The decade's most triggering comedy
G.K. Chesterton is known for once saying: “When men stop believing in God they don’t believe in nothing; they believe in anything.” We’re seeing that today in America, where the less we identify with formal religion, the more we give ourselves to new superstitions, alternate forms of spirituality and radical ideologies.
Accordingly, recent polling indicates that Gen Z is by far the most atheistic generation in our recorded history, with 13% professing atheism compared to 6% of the rest of the population. Additionally, one study found that Gen Z is three times more interested in witchcraft than millennials.
Belief in God is waning while belief in witches is rising.
In his book “The Triumph of Faith,” sociologist Rodney Stark points out that in European countries where church attendance is especially low, Christian faith has not been replaced by secularism. It has been replaced by superstition.
For example, in Sweden, which Stark notes “is almost always presented as exhibit A in the case for the triumph of secularization … more than 20 percent of Swedes say they believe in reincarnation; half believe in mental telepathy; and nearly one in five believes in the power of lucky charms. A third believe in New Age medicine such as ‘healing Crystals’; 20 percent would consider purchasing their personal horoscope; 10 percent would consult a medium; and nearly two out of five believe in ghosts.”
In Iceland, it is reported that, “Less than half of Icelanders claim they are religious and more than 40% of young Icelanders identify as atheist.”
At the same time, as Stark goes on to share, “34 percent of Icelanders believe in reincarnation and another 16 percent aren’t sure about it. Moreover, a national survey found that 55 percent of Icelanders believe in the existence of huldufolk, or hidden people, such as elves, trolls, gnomes, and fairies. Consequently, planned highways are sometimes rerouted so as not to disturb various hills and large rocks wherein huldufolk may dwell, and Icelanders planning to build a new house often hire “elf spotters” to ensure that their site does not encroach on huldufolk settlements.”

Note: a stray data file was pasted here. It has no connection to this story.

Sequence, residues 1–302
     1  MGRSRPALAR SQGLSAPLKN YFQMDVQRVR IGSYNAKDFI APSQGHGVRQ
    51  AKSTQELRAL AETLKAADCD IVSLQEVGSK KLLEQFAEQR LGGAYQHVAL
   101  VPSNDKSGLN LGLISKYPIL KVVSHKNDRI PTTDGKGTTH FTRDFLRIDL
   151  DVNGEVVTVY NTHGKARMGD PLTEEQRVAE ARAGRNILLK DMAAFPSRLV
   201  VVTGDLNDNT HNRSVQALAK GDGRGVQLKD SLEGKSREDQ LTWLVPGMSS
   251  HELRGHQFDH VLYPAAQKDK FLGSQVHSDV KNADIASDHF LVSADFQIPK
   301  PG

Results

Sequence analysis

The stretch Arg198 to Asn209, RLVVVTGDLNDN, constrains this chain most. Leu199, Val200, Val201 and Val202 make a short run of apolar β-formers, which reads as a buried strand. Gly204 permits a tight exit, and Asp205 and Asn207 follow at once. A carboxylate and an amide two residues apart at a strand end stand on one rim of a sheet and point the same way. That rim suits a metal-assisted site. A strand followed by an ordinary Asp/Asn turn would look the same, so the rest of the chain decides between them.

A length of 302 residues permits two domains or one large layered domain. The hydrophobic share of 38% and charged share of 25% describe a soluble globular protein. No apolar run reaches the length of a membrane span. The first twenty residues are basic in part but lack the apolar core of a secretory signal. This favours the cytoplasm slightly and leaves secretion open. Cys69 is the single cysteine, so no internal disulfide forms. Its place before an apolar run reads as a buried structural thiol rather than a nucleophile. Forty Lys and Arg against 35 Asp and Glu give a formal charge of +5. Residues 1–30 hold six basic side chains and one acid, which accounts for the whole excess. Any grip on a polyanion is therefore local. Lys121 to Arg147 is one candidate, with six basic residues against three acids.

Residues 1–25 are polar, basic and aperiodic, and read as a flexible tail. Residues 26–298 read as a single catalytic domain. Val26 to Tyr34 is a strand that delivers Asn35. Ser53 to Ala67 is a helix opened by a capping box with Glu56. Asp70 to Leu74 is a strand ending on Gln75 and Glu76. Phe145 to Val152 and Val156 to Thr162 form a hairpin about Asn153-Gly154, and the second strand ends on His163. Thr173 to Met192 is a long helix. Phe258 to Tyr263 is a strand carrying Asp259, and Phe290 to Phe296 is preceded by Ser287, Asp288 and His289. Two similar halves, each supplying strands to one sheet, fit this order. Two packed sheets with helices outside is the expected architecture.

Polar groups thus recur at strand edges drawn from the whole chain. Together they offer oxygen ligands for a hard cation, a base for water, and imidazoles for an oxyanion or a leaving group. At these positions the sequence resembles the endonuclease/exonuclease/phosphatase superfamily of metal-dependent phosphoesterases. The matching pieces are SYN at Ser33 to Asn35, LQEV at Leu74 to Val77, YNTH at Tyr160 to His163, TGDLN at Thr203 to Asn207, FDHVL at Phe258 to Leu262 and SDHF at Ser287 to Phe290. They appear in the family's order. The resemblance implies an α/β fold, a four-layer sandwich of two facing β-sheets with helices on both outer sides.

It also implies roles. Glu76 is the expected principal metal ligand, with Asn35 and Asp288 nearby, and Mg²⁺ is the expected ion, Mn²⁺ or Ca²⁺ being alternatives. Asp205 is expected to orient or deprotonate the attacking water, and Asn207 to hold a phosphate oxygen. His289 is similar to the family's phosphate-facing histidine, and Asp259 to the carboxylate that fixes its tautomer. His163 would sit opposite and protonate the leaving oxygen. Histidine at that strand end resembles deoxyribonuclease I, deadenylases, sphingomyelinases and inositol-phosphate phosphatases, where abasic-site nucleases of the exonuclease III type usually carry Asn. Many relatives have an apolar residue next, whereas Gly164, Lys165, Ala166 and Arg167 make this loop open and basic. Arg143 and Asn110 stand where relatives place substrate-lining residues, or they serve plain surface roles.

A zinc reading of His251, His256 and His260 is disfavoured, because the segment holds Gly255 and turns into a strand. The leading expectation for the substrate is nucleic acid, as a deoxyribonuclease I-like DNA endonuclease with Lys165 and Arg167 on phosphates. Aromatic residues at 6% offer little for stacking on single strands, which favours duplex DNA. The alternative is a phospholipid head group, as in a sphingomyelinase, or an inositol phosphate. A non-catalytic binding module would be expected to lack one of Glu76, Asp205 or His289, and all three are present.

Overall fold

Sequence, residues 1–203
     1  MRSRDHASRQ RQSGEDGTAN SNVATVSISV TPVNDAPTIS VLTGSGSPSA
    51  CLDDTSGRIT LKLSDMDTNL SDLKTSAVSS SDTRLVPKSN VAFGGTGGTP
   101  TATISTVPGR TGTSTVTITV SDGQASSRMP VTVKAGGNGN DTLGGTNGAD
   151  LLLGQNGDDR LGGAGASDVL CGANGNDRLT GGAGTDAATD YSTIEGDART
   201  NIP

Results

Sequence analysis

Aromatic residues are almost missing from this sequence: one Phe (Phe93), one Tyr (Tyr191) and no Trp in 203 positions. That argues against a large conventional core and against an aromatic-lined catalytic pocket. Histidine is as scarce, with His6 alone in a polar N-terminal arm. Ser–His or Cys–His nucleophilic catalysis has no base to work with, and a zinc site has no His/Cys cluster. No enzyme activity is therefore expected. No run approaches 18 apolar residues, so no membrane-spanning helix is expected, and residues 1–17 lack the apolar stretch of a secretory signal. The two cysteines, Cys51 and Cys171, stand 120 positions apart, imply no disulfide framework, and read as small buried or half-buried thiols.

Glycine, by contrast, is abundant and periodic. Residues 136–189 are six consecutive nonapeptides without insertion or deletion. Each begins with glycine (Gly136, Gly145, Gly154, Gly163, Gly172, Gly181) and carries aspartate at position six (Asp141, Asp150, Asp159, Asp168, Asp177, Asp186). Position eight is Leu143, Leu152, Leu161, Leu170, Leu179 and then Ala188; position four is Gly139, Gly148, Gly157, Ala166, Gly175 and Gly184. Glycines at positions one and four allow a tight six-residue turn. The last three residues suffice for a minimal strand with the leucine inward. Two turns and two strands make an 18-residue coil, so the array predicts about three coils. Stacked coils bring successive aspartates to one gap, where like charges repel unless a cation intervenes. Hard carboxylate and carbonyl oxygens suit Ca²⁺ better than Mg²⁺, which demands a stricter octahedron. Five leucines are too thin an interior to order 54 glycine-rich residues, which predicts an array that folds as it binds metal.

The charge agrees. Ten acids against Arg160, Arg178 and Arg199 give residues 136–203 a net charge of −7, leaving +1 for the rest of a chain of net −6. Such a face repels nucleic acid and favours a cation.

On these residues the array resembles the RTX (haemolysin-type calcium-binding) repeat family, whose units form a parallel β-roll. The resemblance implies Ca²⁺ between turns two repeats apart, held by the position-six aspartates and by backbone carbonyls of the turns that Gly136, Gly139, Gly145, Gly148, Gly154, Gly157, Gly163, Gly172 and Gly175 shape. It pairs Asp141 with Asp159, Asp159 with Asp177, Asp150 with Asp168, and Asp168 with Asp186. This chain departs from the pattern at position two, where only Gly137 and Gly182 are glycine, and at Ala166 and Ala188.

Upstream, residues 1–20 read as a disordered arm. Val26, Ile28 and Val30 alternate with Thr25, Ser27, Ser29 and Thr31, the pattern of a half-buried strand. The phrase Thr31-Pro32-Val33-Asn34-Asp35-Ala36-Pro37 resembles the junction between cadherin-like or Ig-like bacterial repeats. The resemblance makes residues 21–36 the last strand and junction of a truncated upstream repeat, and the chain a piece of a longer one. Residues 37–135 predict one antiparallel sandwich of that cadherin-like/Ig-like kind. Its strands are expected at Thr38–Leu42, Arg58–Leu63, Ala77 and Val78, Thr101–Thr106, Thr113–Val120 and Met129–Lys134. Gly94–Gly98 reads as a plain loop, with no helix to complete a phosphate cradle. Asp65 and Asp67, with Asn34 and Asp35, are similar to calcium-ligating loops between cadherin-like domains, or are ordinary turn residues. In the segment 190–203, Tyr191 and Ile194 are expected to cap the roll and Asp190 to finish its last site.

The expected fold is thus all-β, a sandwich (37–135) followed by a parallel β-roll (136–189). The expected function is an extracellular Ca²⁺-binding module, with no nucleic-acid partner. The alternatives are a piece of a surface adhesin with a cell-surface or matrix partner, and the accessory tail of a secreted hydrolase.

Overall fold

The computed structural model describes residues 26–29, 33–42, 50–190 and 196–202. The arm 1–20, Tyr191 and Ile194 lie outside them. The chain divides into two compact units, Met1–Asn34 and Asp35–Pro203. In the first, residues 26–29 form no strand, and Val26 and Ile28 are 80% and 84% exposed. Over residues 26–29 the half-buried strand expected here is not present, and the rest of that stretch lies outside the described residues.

So, it’s goodbye to God and hello to the elves and trolls!
Stark even mentions how “a rapidly growing group of Icelandic neopagans broke ground for a temple dedicated to worship of the old Norse gods.”
Bring back the ancient idols.
But there is something else that happens when belief in God is cast out, and it’s just what we see happening in America today — one’s radical ideology becomes one’s religion.
Put another way, there really is a religion of the left.
It has its dogmatic beliefs, such as man-made climate change and the importance of environmentalism.
It has its sacred rites, such as abortion.
It has its methods of dealing with defectors, canceling them rather than excommunicating them.
It has its standards of (self) righteousness, established by the ruling elite.
It has its charitable causes, most specifically, the Marxist call for the rich to be stripped of wealth in order to provide equal outcomes for the poor.
It even has the equivalent of personal spiritual awakening, in this case, becoming woke.
That’s why the adherents of the religion of leftism are just as fervent, just as fundamentalist and just as passionate as many followers of traditional religion.
And who or what is the god worshiped by the left? It is the god of self, a god by which all others are judged.
But these observations are nothing new.
Joel Garreau, writing for The New Atlantis in 2010, noted that, “For some individuals and societies, the role of religion seems increasingly to be filled by environmentalism. It has become ‘the religion of choice for urban atheists,’ according to Michael Crichton, the late science fiction writer (and climate change skeptic). In a widely quoted 2003 speech, Crichton outlined the ways that environmentalism ‘remaps’ Judeo-Christian beliefs: